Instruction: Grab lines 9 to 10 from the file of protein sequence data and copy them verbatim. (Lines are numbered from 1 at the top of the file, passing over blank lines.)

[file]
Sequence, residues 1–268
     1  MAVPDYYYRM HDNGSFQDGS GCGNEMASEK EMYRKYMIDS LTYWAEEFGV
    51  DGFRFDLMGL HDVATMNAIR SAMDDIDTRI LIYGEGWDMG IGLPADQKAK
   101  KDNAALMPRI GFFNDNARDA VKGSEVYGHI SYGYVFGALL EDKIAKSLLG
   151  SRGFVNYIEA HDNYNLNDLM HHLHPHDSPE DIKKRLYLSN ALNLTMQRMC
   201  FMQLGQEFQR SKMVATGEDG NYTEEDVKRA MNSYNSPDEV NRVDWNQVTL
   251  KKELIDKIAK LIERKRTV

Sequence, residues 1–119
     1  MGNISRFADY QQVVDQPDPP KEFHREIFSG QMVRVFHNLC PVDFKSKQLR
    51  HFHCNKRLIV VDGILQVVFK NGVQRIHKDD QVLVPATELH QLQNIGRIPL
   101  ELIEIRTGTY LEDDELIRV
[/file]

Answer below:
     1  MGNISRFADY QQVVDQPDPP KEFHREIFSG QMVRVFHNLC PVDFKSKQLR
    51  HFHCNKRLIV VDGILQVVFK NGVQRIHKDD QVLVPATELH QLQNIGRIPL